‘ CHOCOLATE ‘ BY MARC LAGRANGE
THE CHOCOLATE POLAROID EXHIBITION
As of the late 1980’s Marc Lagrange devoted his life and work to the medium of photography and especially, as all who worked with him or followed his career closely know, his true passion, analog photography. As of the early 1990’s he started to work intensively with Polaroid. As a result his nudes, or portraits, as he would prefer to call them, found a more intense, more touching, more human look. The surface of these Polaroids and the longer exposure, inherent to this technique, resulted in a deep and personal aesthetic quality. The Polaroid eventually became his signature trademark. ‘Photos are taken by photographers not by cameras’ was his saying and within this series of never before published work one can easily discern his particular photographic style and his quest to bring beauty to his images and emotion to his audience.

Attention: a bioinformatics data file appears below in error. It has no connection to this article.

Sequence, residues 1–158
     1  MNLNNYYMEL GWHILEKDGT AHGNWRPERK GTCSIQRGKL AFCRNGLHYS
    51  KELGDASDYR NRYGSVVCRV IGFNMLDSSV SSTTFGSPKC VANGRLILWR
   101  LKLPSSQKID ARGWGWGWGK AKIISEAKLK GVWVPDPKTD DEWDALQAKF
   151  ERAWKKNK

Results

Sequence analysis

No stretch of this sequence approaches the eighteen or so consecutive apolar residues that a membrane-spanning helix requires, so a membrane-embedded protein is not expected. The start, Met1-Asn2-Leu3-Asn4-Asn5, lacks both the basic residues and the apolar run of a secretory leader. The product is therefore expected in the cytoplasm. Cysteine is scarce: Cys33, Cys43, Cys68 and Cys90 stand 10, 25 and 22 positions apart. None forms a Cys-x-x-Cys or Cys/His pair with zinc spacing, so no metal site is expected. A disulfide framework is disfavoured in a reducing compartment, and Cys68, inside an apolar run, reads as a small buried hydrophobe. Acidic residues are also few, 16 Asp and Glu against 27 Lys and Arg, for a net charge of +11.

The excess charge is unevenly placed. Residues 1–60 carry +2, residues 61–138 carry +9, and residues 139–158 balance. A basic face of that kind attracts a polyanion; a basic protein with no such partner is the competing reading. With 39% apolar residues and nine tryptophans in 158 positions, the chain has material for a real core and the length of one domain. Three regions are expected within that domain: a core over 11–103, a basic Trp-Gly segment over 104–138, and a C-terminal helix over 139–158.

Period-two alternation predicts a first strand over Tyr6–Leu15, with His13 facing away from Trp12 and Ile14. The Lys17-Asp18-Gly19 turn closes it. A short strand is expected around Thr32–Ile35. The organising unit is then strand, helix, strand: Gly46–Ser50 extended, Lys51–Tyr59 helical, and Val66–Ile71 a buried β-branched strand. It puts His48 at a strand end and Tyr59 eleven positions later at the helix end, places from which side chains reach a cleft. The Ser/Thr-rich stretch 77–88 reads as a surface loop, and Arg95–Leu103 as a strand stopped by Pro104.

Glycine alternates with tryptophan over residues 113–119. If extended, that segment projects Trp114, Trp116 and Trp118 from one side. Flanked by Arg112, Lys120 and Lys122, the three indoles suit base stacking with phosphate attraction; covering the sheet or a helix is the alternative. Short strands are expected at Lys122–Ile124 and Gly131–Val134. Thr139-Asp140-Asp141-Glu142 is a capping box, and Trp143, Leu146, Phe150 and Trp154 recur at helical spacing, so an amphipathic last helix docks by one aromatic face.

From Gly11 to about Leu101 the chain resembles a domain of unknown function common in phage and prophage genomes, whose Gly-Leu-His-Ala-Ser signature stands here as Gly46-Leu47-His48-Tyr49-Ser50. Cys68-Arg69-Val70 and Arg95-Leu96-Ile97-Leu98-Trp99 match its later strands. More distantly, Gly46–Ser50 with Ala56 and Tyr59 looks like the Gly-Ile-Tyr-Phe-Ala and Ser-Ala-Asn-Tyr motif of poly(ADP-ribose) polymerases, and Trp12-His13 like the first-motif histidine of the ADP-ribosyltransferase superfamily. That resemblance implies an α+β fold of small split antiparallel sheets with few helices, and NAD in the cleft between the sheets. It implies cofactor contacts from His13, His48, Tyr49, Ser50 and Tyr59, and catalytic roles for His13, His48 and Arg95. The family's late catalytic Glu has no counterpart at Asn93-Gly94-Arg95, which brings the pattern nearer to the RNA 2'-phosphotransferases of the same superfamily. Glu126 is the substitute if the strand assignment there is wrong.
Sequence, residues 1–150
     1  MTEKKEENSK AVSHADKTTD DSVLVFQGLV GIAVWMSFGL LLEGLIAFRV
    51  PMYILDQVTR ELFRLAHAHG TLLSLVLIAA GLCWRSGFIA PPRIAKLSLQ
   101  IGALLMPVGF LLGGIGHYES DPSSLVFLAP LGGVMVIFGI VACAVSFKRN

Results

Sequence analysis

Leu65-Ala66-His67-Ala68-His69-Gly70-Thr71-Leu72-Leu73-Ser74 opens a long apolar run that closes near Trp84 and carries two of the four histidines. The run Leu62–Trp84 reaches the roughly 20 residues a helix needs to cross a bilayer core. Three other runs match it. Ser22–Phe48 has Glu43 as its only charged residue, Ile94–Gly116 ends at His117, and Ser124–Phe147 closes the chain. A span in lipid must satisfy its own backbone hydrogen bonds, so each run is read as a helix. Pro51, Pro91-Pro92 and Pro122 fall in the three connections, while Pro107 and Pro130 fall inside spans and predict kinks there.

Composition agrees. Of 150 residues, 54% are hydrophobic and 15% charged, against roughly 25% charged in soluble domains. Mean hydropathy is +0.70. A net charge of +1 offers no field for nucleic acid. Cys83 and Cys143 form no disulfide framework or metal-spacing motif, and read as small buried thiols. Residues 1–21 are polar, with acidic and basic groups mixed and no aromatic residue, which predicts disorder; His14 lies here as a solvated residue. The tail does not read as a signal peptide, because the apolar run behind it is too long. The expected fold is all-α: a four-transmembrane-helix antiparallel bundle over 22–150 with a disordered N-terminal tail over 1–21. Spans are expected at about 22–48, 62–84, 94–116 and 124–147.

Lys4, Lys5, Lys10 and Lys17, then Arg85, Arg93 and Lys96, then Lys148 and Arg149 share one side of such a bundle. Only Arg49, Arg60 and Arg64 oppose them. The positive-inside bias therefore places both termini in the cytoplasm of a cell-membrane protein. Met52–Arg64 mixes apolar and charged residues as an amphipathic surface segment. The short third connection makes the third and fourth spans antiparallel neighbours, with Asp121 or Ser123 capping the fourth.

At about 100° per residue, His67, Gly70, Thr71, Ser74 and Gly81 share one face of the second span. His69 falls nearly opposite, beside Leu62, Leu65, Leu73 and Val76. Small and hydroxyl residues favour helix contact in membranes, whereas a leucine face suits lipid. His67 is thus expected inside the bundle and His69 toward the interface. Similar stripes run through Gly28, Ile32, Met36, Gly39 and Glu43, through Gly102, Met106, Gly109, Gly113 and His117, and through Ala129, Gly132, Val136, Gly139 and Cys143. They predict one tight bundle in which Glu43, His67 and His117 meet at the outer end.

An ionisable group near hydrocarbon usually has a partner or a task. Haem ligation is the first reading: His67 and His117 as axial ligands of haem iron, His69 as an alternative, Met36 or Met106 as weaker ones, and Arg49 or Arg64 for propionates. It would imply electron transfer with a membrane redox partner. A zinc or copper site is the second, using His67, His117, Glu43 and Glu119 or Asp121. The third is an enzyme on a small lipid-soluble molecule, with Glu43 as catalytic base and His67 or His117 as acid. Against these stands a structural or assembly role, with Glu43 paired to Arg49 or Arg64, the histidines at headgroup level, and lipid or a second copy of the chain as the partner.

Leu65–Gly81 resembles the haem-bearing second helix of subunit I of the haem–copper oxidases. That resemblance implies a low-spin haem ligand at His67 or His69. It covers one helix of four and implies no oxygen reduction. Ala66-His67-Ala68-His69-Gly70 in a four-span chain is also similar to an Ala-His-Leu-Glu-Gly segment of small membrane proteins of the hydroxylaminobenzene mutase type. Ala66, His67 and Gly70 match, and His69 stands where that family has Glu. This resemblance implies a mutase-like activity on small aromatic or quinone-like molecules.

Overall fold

The immediate image of the Polaroid Chocolate film became very important for Marc. Like many photographers did at the time, he used the immediacy of the peel apart- films for test snapshots of a scene but he quickly started using it as a real medium. Polaroid 100 Chocolate film is one of the rarest films Polaroid ever made. Because of its unique process it produces images starkly different from any other Polaroid film. The black and white/color cross-process method produces chocolate brown images with a warm texture and other special characteristic, chocolate brown, but cooler in tone than sepia, with unusual suppressed highlights not unlike 19th Century albumen prints.